Provincial health officer Dr. Bonnie Henry updates B.C. on the COVID-19 situation. (B.C. government)
Dr. Bonnie Henry predicts a ‘post-pandemic world’ for B.C. this summer

‘Extending this second dose provides very high real-world protection to more people, sooner’

The Netflix logo on an iPhone. B.C. delayed imposing sales tax on digital services and sweetened carbonated beverages as part of its response to COVID-19. Those taxes take effect April 1, 2021. THE CANADIAN PRESS/AP, Matt Rourke
B.C. applies 7% sales tax on streaming, vaping, sweet drinks April 1

Measures from 2020 budget were delayed due to COVID-19

Chief Don Tom of the Tsartlip First Nation was outraged after Green MLA Adam Olsen revealed on social media that the community had been experiencing a COVID-19 outbreak – a fact the First Nation had chosen to keep private to avoid racist backlash as experienced by the Cowichan Tribes when an outbreak was declared there in January. (Black Press Media file photo)
B.C. First Nation ‘outraged’ after Green MLA reveals COVID-19 outbreak

Tsartlip First Nation chief shares concerns about racist backlash, MLA apologizes

A lawyer wears a face mask and gloves to curb the spread of COVID-19 while waiting to enter B.C. Supreme Court, in Vancouver, B.C., Friday, Aug. 28, 2020. British Columbia’s highest court has sided with the land owner in a dispute over public access to public land. THE CANADIAN PRESS/Darryl Dyck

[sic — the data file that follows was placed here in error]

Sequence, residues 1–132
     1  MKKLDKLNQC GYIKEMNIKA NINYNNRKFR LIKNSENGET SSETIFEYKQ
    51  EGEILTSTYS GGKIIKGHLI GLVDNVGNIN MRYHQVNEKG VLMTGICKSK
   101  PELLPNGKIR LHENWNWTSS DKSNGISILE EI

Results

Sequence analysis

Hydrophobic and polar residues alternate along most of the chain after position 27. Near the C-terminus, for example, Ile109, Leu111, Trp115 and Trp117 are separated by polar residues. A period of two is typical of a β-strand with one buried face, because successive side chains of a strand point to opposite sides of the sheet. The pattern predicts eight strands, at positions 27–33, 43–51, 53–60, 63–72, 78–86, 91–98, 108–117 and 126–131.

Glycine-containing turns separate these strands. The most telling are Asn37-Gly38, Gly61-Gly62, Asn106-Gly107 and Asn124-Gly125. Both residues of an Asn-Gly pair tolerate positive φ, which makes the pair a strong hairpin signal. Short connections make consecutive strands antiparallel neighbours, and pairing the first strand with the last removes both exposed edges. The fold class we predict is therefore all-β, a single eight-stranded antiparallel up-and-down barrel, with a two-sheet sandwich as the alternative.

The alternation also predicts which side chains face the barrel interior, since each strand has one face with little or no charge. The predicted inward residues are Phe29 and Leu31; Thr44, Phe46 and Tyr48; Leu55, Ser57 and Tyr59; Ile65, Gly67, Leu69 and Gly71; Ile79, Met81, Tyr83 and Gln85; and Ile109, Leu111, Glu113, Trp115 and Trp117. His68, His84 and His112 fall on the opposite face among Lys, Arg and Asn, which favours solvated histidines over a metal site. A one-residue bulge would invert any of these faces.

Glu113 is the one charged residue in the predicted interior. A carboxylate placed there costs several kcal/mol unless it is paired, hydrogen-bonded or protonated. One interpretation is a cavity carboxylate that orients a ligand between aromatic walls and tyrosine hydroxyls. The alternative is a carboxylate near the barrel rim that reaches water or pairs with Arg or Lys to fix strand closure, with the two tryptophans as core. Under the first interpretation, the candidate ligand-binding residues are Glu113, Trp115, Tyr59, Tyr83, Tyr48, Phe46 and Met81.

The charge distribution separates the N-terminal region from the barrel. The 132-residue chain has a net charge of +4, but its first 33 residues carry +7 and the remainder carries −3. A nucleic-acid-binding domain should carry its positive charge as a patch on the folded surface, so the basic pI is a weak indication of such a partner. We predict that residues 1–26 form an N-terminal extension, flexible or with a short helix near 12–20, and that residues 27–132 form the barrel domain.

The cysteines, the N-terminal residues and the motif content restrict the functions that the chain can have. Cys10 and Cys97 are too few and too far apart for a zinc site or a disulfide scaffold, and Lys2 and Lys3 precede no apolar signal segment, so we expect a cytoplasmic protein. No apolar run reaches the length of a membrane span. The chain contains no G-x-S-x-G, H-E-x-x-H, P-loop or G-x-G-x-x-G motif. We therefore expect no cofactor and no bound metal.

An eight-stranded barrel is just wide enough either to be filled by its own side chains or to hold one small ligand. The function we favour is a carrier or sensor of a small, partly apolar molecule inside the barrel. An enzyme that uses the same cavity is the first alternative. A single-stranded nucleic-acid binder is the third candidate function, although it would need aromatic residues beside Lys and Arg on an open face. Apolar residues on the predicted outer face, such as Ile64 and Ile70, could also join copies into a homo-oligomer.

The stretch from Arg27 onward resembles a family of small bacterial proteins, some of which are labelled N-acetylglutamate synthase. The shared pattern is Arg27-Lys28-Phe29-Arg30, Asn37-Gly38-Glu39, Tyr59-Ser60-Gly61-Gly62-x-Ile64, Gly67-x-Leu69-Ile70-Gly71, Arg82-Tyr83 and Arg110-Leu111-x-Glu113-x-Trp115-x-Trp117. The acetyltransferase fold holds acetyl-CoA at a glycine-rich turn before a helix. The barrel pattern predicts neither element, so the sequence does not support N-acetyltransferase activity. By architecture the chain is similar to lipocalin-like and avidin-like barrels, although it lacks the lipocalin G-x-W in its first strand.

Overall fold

B.C. high court finds in favour of large landowner in fight over access to pair of lakes

The Nicola Valley Fish and Game Club launched legal action after the cattle company blocked road and trail access

Prime Minister Justin Trudeau holds a press conference in Ottawa Friday, March 5, 2021. THE CANADIAN PRESS/Sean Kilpatrick
Trudeau holds firm on premiers’ health-care funding demands, COVID-19 aid comes first

Premiers argue that the current amount doesn’t keep pace with yearly cost increases of about five per cent

Join Black Press Media and Do Some Good
Join Black Press Media and Do Some Good

Pay it Forward program supports local businesses in their community giving

Free Reformed Church is seen as people attend service, in Chilliwack, B.C., on Sunday, Feb. 21, 2021. Lawyers for the British Columbia government and the Justice Centre for Constitutional Freedoms are back in B.C. Supreme Court today, squaring off over the legality of COVID-19 rules that prohibit in-person religious services. THE CANADIAN PRESS/Darryl Dyck
B.C. top doctor has power to restrict access to a place during health hazard: lawyer

Under B.C.’s Public Health Act, Jacqueline Hughes says, Henry can restrict or prevent entry to a place

A vial of some of the first 500,000 of the two million Oxford-AstraZeneca COVID-19 vaccine doses that Canada has secured through a deal with the Serum Institute of India in partnership with Verity Pharma at a facility in Milton, Ont., on Wednesday, March 3, 2021. THE CANADIAN PRESS/Carlos Osorio - POOL
B.C. dentists and bus drivers want newly-approved Oxford-AstraZeneca vaccine

BC Dental Association says dentists and their teams cannot treat patients remotely

Most Read